President Trump Announces Continuation of Dr. Collins As NIH Director

President Trump Announces Continuation of Dr. Collins as NIH Director

Legislative Update
June 6, 2017

Today in a White House announcement about various appointments, President Trump stated that National Institutes of Health (NIH) Director Francis Collins, M.D., Ph.D. would continue in that role. Dr. Collins—until now a temporary holdover from the Obama administration—has had broad support among Republicans with jurisdiction over NIH appropriations and authorization. In a December 2, 2016, letter to then President-elect Trump, they wrote that “his distinguished scientific experience, effective leadership skills, and long standing relationships with members of Congress, researchers, and advocates will service the nation and your Administration well.” Commenting on the President’s decision today, one of those signatories—Senator Lamar Alexander (R-TN), Chair of the Senate Health, Education, Labor and Pensions (HELP) Committee with authorization jurisdiction over the NIH—praised it stating that, “This is good news for the country and one of President Trump’s best appointments. There’s nobody better qualified than Francis Collins to help accelerate the medical miracles that have the potential to help virtually every American family.”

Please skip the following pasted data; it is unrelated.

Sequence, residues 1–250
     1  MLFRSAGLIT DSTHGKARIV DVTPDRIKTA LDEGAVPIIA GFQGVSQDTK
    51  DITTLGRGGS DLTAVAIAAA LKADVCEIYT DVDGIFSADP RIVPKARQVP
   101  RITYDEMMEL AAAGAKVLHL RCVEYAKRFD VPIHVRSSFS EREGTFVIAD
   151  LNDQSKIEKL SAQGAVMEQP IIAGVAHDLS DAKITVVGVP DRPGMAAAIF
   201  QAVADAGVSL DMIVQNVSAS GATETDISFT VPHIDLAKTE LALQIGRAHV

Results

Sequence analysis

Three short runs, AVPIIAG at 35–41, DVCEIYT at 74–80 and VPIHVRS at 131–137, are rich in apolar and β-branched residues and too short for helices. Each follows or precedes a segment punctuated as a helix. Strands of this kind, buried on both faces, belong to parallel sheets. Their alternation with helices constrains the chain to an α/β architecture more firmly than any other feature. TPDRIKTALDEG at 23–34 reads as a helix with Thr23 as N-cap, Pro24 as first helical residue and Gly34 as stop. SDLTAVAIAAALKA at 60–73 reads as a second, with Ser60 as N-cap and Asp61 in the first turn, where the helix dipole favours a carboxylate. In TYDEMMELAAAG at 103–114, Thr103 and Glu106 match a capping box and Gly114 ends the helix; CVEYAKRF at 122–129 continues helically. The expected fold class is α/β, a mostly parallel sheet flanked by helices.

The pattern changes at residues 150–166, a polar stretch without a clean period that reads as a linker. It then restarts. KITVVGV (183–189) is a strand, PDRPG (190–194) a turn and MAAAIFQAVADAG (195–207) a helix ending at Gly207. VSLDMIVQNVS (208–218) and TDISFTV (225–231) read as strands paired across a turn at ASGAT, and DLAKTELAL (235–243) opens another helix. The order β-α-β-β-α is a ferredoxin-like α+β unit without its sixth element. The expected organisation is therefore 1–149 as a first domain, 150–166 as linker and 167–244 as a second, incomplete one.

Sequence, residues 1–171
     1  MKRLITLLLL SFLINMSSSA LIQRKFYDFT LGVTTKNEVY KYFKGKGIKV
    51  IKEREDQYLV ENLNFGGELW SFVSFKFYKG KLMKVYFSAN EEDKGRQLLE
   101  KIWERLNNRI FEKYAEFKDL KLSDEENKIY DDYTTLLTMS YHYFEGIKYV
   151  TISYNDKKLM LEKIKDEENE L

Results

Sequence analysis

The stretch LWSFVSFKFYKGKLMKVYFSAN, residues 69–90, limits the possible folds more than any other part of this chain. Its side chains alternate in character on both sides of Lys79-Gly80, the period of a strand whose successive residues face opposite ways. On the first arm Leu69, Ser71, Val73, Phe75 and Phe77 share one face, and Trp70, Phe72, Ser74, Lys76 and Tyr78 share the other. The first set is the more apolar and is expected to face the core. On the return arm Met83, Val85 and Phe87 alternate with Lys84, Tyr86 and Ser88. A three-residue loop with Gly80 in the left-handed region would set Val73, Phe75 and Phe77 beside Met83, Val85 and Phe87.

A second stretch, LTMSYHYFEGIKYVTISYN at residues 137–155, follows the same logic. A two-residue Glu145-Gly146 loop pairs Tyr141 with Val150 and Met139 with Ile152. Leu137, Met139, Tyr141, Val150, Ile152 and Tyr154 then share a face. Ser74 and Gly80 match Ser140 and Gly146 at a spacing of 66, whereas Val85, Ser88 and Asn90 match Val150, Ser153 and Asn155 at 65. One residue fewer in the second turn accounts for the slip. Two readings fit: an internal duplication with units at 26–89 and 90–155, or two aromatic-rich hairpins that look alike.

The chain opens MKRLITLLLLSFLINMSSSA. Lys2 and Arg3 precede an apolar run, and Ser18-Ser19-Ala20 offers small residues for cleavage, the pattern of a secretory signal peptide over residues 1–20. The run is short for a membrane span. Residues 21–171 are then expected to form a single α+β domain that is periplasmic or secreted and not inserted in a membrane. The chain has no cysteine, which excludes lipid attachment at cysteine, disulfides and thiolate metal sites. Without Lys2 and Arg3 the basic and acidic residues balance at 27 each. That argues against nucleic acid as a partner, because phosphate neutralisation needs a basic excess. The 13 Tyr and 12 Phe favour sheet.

In a late June 6 email sent to NIH staff, Dr. Collins responded to the announcement as follows:

“I received word today that President Trump has made it fully official: he wants me to continue in the role of NIH Director. I am truly grateful for the President’s vote of confidence, and I will be honored to continue to serve this noble institution. This is a time of unprecedented scientific opportunity in biomedical research, as we seek together to advance health and relieve suffering. It will be my distinct pleasure to continue working with you, my valued colleagues at NIH—as well as with our counterparts at the Department of Health and Human Services, the White House, the Congress, and the broader community, including universities, philanthropy, industry, and patient groups. There is much work to do!”